Upon my giving the word to Discharge their fans, they give one general crack, that may be heard at a considerable distance when the wind sits fair. This is one of the most difficult parts of the exercise; but I have several ladies with me who at their first entrance could not give a pop loud

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enough to be heard at the farther end of the room, who can now discharge a fan in such a manner that it shall make a report like a pocket-pistol. I have likewise taken care (in order to hinder young women from letting off their fans in wrong places or on unsuitable occasions) to show upon what subject the crack of a fan may come in properly. I have likewise invented a fan with which a girl of sixteen, by the help of a little wind which is enclosed about one of the largest

а. sticks, can make as loud a crack as a woman of fifty with an ordinary fan.

When the fans are thus discharged, the word of command, in course, is to Ground their fans. This teaches a lady to quit her fan gracefully when she throws it aside in order to take up a pack of cards, adjust a curl of hair, replace a falling pin, or apply herself to any other matter of importance. This part of the exercise, as it only consists in tossing the fan with an air upon a long table (which stands by for that purpose), may be learned in two days' time as well as in a twelvemonth.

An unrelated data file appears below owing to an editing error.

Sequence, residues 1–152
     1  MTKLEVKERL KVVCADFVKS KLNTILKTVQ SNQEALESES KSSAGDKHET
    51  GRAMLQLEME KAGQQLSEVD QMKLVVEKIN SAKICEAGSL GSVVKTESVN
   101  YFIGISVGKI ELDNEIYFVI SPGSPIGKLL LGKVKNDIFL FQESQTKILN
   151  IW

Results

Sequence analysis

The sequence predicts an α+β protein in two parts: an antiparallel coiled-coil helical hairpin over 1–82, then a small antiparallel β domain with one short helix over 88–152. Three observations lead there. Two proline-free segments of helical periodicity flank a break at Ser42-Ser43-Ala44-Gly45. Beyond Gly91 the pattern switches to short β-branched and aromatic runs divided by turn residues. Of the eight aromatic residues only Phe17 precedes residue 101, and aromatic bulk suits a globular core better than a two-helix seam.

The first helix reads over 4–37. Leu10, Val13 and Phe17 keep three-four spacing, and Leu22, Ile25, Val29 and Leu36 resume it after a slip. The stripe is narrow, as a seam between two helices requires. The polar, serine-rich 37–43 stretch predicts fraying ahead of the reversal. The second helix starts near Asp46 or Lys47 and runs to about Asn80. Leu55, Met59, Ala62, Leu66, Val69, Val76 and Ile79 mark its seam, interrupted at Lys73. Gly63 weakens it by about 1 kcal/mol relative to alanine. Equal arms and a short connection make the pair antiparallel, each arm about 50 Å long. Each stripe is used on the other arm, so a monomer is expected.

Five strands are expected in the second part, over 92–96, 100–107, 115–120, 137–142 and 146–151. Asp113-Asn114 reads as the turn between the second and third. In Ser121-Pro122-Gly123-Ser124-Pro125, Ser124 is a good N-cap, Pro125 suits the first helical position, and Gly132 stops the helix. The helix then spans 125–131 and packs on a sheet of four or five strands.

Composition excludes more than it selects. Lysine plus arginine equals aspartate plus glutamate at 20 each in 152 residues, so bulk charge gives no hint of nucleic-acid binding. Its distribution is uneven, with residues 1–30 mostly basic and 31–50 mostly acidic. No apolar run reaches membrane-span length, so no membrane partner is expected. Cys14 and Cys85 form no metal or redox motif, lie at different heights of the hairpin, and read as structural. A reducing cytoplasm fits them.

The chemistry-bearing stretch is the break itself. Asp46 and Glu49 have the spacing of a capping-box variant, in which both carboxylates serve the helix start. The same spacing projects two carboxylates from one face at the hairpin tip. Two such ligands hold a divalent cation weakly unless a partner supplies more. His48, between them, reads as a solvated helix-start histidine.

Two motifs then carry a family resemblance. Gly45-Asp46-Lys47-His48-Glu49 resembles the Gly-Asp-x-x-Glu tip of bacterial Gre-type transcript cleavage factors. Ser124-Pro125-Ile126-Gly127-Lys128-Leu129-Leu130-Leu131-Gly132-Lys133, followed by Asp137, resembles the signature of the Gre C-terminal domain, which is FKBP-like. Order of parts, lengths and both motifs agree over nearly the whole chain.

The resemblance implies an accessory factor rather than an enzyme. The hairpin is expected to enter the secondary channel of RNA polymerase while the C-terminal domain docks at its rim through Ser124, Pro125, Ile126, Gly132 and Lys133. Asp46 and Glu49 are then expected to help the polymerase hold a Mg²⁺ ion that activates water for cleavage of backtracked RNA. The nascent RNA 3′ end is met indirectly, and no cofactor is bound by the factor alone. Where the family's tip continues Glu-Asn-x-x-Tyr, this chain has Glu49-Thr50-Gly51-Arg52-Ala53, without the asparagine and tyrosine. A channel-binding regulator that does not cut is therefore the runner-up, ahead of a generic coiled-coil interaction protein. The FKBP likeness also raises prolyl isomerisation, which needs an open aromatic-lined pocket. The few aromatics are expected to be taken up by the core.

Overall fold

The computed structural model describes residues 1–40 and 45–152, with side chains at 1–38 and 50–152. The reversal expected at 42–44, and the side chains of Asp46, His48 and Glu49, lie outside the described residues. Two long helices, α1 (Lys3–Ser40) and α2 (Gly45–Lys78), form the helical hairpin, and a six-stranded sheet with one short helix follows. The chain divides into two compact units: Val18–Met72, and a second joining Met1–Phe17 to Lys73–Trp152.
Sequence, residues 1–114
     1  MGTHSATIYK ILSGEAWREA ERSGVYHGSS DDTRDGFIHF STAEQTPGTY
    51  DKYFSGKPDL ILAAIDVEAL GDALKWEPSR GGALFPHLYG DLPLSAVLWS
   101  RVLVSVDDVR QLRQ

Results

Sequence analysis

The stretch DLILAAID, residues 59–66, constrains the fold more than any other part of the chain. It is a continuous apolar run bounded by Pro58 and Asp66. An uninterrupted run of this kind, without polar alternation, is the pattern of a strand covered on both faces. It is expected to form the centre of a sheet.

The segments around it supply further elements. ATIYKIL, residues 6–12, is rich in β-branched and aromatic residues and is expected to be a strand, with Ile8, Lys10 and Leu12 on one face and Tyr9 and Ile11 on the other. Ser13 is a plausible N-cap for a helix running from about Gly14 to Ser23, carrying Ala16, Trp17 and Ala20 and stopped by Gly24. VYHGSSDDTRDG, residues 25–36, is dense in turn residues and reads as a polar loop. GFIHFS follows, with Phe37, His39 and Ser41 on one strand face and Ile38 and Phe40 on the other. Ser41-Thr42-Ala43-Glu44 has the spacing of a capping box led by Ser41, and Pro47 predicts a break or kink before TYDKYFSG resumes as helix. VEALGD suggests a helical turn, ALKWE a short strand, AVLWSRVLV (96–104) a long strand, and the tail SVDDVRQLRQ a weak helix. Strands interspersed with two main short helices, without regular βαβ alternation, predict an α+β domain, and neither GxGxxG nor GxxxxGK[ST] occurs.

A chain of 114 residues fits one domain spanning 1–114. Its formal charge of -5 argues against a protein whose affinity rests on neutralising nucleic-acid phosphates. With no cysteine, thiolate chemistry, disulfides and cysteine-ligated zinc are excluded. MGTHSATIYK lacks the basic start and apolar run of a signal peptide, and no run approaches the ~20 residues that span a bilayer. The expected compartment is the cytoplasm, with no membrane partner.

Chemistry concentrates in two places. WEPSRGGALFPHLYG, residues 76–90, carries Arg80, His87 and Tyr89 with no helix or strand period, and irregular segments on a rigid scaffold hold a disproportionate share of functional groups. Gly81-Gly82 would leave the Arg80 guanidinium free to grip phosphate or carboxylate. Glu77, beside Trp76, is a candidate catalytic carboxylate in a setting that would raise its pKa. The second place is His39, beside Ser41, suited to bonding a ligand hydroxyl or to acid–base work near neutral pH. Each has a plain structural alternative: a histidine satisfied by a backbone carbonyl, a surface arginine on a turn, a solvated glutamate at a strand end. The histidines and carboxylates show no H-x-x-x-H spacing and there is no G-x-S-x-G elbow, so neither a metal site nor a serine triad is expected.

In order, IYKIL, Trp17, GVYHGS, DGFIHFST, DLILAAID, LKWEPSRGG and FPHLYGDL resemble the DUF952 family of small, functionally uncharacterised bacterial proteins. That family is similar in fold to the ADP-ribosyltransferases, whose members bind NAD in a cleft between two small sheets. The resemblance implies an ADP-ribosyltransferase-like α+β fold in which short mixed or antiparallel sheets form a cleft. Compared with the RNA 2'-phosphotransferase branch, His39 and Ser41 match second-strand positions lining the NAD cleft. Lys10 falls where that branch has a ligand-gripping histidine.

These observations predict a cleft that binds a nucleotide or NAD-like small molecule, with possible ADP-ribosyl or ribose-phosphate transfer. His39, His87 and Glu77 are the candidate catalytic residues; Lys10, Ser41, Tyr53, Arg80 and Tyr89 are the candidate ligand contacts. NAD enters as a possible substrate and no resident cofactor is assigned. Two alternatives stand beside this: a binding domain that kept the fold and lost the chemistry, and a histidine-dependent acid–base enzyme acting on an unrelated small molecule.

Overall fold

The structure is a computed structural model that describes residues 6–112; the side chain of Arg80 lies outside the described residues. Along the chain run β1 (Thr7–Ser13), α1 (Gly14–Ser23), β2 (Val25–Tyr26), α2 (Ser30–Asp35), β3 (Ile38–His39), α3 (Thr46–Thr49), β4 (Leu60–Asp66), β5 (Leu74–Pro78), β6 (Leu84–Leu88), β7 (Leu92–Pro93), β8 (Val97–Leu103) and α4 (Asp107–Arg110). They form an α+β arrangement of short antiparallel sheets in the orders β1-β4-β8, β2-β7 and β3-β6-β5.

When my female regiment is thus disarmed, I generally let them walk about the room for some time; when, on a sudden (like ladies that look upon their watches after a long visit), they all of them hasten to their arms, catch them up in a hurry, and place themselves in their proper stations upon my calling out, Recover your fans. This part of the exercise is not difficult, provided a woman applies her thoughts to it.

The fluttering of a fan is the last, and, indeed, the masterpiece of the whole exercise; but if a lady does not misspend her time, she may make herself mistress of it in three months. I generally lay aside the dog-days and the hot time of the summer for the teaching this part of the exercise; for as soon as ever I pronounce, Flutter your fans, the place is